Feb 24, 2021 | Featured in: Watching Backyard Birds, December 2020

Ask Birdsquatch: How Do Birds Sleep?

Where do birds sleep? And if they sleep perched on branches, why don't they fall off?
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Dear Birdsquatch:

My grandson informed me recently that bird nests are nurseries and not houses. If that's true, then where do birds sleep? I mean the birds that visit my bird feeders, not ducks or herons or roadrunners. And if your answer is that they perch in trees, then why don't they fall off when they sleep?

—PATTY J., COLUMBIA, MISSOURI

Dear Patty,

In general, birds sleep at night where they hang out during the day, so you're right: The birds that visit your bird feeders—which are primarily songbirds, also known as perching birds—sleep in trees. Cover is essential for both shelter and security, so when the leaves have fallen, evergreens of various types can be important lodging for songbirds. Birds that nest in natural cavities or nest boxes sleep on tree branches, too, or in natural cavities or nest boxes during the worst weather.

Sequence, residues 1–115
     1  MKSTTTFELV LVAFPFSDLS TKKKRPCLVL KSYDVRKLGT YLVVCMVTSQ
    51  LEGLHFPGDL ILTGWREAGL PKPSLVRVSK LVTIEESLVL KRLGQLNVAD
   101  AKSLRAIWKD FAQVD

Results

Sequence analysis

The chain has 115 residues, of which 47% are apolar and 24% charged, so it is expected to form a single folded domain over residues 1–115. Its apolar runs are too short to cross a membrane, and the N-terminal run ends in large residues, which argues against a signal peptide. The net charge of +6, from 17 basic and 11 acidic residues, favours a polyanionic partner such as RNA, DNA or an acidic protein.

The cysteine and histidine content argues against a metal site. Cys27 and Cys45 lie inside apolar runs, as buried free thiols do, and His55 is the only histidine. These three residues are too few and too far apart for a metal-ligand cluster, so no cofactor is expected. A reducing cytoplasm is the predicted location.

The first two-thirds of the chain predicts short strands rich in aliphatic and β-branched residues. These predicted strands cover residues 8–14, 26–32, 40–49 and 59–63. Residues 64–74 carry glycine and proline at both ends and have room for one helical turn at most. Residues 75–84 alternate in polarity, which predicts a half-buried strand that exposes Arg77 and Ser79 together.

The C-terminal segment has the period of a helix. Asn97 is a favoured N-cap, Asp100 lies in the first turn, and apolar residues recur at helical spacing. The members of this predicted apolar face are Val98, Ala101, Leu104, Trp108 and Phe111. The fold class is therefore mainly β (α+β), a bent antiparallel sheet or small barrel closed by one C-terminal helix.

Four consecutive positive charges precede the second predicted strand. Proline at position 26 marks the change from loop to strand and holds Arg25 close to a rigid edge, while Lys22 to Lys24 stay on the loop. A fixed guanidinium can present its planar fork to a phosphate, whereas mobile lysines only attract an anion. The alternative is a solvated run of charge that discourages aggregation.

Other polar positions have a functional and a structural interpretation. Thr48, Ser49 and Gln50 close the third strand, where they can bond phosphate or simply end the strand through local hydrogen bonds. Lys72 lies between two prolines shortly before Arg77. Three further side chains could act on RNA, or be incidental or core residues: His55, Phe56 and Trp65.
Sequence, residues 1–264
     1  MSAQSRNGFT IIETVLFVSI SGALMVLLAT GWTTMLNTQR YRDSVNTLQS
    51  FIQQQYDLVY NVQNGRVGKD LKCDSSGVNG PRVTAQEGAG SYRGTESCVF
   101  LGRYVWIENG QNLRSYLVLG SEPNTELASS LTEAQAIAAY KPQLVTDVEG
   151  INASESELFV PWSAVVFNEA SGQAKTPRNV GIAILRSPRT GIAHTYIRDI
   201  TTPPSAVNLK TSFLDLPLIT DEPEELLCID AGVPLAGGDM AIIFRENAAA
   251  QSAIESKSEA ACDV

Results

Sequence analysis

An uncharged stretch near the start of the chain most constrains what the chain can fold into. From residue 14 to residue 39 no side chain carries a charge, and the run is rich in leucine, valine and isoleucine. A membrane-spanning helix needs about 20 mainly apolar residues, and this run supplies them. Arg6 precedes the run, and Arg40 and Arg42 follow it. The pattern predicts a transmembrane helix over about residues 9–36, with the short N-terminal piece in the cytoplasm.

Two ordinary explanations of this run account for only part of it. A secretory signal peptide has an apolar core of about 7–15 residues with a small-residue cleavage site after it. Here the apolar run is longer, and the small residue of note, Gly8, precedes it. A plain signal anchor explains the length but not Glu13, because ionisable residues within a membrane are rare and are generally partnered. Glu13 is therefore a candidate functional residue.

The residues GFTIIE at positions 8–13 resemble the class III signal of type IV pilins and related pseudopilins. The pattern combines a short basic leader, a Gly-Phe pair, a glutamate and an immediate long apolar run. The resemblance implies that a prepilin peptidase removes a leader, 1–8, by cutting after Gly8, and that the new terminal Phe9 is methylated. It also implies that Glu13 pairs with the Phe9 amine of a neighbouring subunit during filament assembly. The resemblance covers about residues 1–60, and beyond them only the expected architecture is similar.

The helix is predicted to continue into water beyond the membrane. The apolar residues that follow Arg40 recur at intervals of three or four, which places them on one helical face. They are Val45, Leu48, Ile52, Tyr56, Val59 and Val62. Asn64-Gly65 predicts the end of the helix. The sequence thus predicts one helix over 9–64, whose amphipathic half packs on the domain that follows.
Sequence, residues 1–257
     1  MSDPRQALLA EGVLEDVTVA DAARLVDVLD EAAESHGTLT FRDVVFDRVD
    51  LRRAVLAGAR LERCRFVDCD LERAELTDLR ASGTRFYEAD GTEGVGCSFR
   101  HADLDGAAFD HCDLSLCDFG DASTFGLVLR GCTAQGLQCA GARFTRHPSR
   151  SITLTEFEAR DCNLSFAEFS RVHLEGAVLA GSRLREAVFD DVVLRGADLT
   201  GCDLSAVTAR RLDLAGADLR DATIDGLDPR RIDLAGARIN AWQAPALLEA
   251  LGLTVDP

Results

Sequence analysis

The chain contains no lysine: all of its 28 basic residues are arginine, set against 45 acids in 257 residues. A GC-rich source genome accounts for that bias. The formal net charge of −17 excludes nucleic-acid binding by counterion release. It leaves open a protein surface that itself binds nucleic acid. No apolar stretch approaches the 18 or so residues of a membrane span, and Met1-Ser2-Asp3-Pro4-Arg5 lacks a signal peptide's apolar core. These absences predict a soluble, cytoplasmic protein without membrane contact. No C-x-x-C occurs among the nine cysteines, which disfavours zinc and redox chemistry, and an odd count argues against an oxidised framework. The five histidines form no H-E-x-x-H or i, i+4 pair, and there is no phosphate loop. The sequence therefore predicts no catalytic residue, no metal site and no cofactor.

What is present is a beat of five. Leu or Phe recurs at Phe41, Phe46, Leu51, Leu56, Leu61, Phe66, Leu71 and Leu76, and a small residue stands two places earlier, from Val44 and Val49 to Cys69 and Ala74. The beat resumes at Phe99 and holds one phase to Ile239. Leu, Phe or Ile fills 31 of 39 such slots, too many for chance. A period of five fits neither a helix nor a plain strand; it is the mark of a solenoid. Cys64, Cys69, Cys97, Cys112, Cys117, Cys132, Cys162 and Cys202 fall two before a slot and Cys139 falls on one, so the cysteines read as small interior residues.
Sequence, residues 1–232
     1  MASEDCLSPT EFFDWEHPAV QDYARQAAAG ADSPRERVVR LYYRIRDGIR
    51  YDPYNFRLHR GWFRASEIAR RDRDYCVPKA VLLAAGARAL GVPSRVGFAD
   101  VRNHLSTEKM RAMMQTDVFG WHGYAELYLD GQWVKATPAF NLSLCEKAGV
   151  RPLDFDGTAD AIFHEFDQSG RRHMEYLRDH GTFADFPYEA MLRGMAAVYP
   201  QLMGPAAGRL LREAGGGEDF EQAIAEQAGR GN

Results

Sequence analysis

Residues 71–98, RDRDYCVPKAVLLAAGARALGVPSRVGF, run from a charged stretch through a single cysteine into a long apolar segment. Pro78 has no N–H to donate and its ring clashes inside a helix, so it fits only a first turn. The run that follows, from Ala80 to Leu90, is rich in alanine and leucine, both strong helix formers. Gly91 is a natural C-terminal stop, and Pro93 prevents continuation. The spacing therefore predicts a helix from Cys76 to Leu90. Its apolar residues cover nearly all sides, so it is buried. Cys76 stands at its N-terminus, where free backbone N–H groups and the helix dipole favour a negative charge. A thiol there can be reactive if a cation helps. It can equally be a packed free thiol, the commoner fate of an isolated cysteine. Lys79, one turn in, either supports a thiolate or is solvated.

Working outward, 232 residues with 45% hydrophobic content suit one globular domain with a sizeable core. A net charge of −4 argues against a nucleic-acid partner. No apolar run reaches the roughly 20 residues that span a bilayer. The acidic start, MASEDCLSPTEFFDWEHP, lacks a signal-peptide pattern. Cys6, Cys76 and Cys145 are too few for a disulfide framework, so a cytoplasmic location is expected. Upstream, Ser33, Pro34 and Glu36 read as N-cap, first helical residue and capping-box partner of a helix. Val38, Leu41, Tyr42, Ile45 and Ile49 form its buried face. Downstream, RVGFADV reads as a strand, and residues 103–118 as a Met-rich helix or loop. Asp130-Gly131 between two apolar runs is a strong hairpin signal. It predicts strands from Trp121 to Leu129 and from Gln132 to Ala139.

And why don't birds fall off their not-so-cozy branches when they sleep? Unlike humans and squatches, when songbirds squat or settle down low on a perch, the long tendon running down the leg to the toes tightens and shortens, automatically pulling the toes into a tight grip. When they are asleep, their feet naturally clench. Because of the roughness of the wood, friction holds them upright.

Planting trees, especially native trees, especially ones that hold on to their leaves all year long, and appreciating and saving big, old, trees (that are in a safe place) for as long as possible is probably the most beneficial thing you can do for birds.



About Birdsquatch

Birdsquatch is WBB's tall, hairy, and slightly stinky columnist. He is a bigfoot who has watched birds all his life. His home range is unknown.

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